Incentivise heads into Tuesday’s Melbourne Cup as the shortest-priced favourite since the legendary Phar Lap more than 90 years ago as Australia’s “race that stops a nation” welcomes back crowds.
Held on the first Tuesday of November since 1876, the punishing 3,200 metre (two-mile) handicap was raced behind closed doors last year for the first time in its long history as coronavirus ravaged the city.
But with one of the world’s longest series of lockdowns over, some 10,000 punters — the maximum allowed and well under the usual 100,000 — will flock to Flemington once again for a traditional boozy day out.
Regarded as the ultimate test of stamina and staying power, the Melbourne Cup has Aus$8 million (US$6.0 million) at stake with the winner of the 24-strong field banking Aus$4.4 million.
Incentivise is the raging favourite to cross the line first on what is forecast to be a fine and warm day, despite being drawn out wide in barrier 16.
Considered the most exciting horse in Australia, the five-year-old gelding has the shortest odds ($2.80) since the legendary Phar Lap — one of the world’s greatest ever — at $1.73 in 1930.
He has earned it after winning nine in a row starting in April — including three Group 1 races — which culminated in demolishing the field by three-and-a-half lengths to win the Caulfield Cup in Melbourne over 2,400m (one-and-a-half miles) a fortnight ago.
Brett Prebble will be in the saddle again and is excited after that romp.
“What this tells me is look out Melbourne Cup,” Prebble said. “He’s going to eat up the 3,200 (metres).”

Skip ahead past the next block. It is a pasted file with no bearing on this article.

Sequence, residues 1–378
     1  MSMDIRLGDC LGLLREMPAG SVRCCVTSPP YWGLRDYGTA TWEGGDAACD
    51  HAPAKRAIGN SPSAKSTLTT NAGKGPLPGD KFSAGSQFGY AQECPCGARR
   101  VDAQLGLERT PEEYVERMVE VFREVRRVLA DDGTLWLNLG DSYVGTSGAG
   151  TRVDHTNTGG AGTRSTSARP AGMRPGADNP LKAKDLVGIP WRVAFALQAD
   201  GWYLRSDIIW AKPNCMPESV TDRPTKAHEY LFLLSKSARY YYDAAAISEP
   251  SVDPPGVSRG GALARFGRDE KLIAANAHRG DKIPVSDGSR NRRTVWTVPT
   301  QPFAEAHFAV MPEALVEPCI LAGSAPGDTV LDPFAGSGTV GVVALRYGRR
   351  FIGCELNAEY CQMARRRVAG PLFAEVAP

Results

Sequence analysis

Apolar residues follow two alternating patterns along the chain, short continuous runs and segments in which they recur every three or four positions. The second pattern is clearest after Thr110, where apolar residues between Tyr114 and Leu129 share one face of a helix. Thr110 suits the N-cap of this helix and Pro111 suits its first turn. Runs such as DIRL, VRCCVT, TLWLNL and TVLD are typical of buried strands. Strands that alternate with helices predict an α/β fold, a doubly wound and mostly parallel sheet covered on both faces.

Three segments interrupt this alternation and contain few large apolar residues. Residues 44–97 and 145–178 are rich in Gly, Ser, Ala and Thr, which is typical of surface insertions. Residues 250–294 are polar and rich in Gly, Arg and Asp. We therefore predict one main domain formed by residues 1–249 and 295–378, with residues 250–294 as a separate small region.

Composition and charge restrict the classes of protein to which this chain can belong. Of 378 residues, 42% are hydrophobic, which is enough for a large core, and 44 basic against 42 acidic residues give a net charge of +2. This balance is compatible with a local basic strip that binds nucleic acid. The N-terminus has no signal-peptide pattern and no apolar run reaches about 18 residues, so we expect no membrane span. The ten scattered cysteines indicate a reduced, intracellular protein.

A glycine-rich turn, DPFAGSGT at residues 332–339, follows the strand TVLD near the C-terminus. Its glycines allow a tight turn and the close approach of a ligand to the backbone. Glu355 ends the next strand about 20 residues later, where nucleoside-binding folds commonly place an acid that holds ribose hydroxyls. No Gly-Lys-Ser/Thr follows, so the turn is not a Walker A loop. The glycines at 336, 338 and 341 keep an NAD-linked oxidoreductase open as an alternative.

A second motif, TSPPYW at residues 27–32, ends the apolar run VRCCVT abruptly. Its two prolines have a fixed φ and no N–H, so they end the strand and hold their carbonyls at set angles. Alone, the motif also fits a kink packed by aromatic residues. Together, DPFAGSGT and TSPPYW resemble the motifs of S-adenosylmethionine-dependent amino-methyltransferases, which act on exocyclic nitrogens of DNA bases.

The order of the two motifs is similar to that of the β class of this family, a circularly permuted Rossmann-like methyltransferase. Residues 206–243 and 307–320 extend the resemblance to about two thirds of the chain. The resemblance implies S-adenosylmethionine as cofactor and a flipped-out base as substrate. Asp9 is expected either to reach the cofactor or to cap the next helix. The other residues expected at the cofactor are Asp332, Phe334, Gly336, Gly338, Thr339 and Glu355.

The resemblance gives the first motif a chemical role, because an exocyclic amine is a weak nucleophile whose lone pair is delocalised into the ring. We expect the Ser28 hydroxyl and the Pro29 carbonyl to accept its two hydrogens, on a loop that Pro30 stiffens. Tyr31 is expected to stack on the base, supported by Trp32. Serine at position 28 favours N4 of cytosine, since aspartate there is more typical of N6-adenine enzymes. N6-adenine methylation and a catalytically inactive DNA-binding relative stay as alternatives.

If he wins on Tuesday, Incentivise will become the first horse in 20 years, and only the 12th ever, to complete the Caulfield and Melbourne Cup double.
He is under the wing of master trainer Peter Moody, who wrote his name into the history books by steering now-retired superstar galloper Black Caviar to 25 straight wins.
– ‘No stopping him’ –
“He’s not the prettiest horse in the legs department. He’s a bit knock-kneed and toes out on both legs, particularly his off foreleg, and that’s why he struggles on the turns,” Moody said of Incentivise after the Caulfield Cup.
“But when he’s in a straight line he builds … the further he builds in that straight line, he gains momentum and there’s no stopping him.”
The only downside to cementing his status as a champion horse is that Covid has kept a lot of international raiders away, meaning it isn’t the strongest field.
Spanish Mission, one of only two genuine foreign-trained horses this year, is currently second favourite.
Trained in Britain, the six-year-old stallion, ridden by Craig Williams, has enjoyed recent good form, going close to knocking off European champion Stradivarius at York in August.
Other fancies include Grand Promenade, Floating Artist and Verry Elleegant.
Last year’s winner Twilight Payment — an Irish import who led all the way — lines up again with Jye McNeil once more in the saddle of the nine-year-old gelding.
But it’s a hard ask winning back-to-back — the last time was by mare Makybe Diva during her famous three-peat between 2003-05. Before that it was Think Big in 1975.
Whoever wins will instantly become a household name in Australia. The race is a cultural institution with the day considered so important it is declared a public holiday in its host state of Victoria.